Finding himself in considerable debt, Chris a Texan drug dealer, decides the only solution is to murder his mother to collect the insurance money. Getting together with his father, the ex-husband of Chris' mother, they decide to hire Joe Cooper a contract killer, who also happens to be a police detective. The plan is that the money will go to Chris' sister Dottie. However due to the size of the contract fee, Chris agrees that Joe can take Dottie as a retainer until the insurance comes through. Written by
Director William Friedkin was shocked when he found out that the film was given the NC-17 rating and refused to alter the film for fear that any cut or edit would take away from the filthiness of the film. It was released theatrically with the NC-17 rating only to have an edited R rated version released for certain retailers to carry when it was released on DVD and Blu-Ray. See more »
When Joe opens the trunk of the car Adelle's eyes are open, but when he moves her body to the driver's seat the eyes are closed. See more »
Jet-black climax manages to cement a rather average film into the memory
Texan drug-dealer Chris (Emile Hirsch) lands himself in hot water, owing money to a gang of big-time criminals. After being refused money by his father Ansel (Thomas Haden Church), Chris comes up with a plot to have his mother murdered, collecting the life insurance money that he believes will pass to his sister Dottie (Juno Temple). To do the deed, they hire police detective and part-time contract killer 'Killer' Joe (Matthew McConaughey). Unable to pay his fees up front, Joe decides to take Dottie as collateral, who he asks to spend the night with, until the debt is paid.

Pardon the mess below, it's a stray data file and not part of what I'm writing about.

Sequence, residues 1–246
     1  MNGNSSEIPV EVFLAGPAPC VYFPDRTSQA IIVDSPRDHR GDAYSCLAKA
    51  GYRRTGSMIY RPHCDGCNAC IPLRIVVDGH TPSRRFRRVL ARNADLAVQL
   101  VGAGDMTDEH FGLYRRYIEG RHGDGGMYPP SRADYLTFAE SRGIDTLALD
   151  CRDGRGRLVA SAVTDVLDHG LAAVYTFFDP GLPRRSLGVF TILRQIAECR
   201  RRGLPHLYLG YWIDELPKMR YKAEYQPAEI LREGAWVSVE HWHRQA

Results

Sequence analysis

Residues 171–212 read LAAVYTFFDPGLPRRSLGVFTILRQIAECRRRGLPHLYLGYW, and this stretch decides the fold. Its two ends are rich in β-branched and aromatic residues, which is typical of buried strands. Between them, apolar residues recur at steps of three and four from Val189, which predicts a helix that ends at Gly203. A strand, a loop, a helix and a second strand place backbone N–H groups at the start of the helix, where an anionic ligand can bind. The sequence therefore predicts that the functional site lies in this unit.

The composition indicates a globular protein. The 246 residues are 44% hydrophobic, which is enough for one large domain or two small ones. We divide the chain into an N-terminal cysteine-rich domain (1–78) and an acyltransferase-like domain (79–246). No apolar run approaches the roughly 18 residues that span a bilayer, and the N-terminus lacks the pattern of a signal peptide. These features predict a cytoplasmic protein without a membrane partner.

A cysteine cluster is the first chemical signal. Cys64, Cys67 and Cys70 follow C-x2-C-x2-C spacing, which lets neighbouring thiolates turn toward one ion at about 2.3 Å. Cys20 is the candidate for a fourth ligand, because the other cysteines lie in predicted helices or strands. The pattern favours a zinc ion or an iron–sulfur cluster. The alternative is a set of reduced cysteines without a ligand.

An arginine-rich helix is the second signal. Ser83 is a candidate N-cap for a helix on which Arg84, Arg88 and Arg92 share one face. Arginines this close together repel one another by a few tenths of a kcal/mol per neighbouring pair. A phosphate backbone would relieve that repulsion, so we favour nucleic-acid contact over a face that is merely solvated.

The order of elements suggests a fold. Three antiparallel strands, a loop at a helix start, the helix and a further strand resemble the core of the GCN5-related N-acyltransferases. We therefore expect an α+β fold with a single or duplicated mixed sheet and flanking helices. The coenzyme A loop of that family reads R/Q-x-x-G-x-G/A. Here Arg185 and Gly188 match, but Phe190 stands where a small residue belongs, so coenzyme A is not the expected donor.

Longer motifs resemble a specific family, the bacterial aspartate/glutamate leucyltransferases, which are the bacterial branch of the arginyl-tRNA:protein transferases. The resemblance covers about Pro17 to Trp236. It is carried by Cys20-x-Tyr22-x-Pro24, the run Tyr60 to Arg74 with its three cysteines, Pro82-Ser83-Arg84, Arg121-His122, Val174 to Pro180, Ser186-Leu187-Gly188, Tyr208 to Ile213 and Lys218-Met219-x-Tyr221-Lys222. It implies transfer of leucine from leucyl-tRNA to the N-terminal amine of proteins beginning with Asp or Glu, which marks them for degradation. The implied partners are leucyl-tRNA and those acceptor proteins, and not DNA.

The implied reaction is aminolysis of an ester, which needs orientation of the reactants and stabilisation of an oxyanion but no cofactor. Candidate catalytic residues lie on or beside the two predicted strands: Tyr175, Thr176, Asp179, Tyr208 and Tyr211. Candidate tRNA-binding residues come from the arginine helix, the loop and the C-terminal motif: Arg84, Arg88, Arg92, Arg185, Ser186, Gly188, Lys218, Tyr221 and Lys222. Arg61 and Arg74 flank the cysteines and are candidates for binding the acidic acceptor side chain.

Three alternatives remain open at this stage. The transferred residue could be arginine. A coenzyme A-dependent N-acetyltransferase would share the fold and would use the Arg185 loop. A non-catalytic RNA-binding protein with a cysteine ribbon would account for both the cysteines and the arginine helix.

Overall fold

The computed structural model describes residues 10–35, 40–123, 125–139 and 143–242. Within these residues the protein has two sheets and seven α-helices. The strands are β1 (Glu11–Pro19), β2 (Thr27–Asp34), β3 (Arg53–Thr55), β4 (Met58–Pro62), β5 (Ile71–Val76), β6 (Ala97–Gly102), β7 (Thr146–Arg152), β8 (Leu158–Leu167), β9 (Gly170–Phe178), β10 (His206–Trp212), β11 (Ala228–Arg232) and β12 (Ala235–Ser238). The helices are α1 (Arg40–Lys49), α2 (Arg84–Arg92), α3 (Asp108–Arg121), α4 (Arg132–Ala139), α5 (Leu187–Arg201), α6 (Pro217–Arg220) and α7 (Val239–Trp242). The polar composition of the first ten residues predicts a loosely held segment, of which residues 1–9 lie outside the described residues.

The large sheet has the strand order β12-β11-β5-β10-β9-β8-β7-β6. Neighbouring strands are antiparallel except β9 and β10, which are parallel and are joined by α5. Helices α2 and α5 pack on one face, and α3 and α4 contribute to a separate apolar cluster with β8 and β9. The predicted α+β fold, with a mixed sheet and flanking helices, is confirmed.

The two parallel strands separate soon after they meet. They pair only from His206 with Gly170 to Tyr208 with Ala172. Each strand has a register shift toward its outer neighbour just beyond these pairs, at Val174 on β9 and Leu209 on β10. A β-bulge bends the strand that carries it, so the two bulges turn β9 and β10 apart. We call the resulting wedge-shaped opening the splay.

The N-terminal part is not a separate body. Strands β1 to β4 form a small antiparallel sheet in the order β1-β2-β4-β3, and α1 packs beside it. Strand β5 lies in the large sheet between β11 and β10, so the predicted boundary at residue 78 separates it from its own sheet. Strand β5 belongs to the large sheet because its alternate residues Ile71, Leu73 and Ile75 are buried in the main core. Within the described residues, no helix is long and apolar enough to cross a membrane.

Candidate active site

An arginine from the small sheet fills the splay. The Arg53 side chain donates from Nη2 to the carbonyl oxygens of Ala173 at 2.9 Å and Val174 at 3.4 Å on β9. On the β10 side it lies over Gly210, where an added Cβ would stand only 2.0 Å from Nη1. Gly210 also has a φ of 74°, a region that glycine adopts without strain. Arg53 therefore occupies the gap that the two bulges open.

Killer Joe's poster tagline reads 'A totally twisted, deep-fried, Texas redneck trailer park murder story', and really, that's precisely what it is. The central families sheer utter repulsiveness becomes the comedy vein that prevails throughout the plot, as we are greeted by Sharla (Gina Gershon), Ansel's second wife, opening her trailer door to reveal her hairy bush to a disgusted Chris. But Chris's loud-mouthed ineptness, Ansel's zombie-like idiocy, and Sharla's blatant man-eating are neutralised by Juno Temple's strange, quirky presence, and her submissive relationship with Killer Joe that is as unsettling as it is oddly sweet. It's a quite amazing performance, and her scenes with an almost equally impressive McConaughey provide the film's highlights.
If the film has a definite strong point, it is in the performances. While the aforementioned Temple and McConaughey will steal the plaudits, Haden Church's dumb, lurch-like performance reminds us why he was Oscar- nominated for the sublime Sideways (2004), providing a sympathetic character amongst Chris's waster and Sharla's trailer trash whore. It's a shame that the plot can't match the performances, and although the story takes a back-seat to the mish-mash of human monsters, this really could have been a whole lot more. This is Coen Brothers territory, taking place in that sweaty world of the Deep South, full of smoky bars, rusty trailers, cowboy hats, motorbikes and overweight, middle-aged men in vests, a modern-day noir world ripe with possibilities, one that I feel has been slightly wasted here.
But if you've ever wondered if a film's climatic scene would ever involved a woman performing fellatio on a chicken drumstick, then here is your answer. Killer Joe's final frames will undoubtedly divide audiences between those who get director William Friedkin's intentions to take things to Jacobian absurdity, to those who will feel it as a silly contradiction to the film early, more subtle black humour. It's a splurge of extreme, uncomfortable violence with a sprinkling of farce, as the true psychological unbalance of Killer Joe becomes evident. Myself, I found it rather hilarious, and it managed to cement what is really an average film with only spatters of inspiration into my memory.
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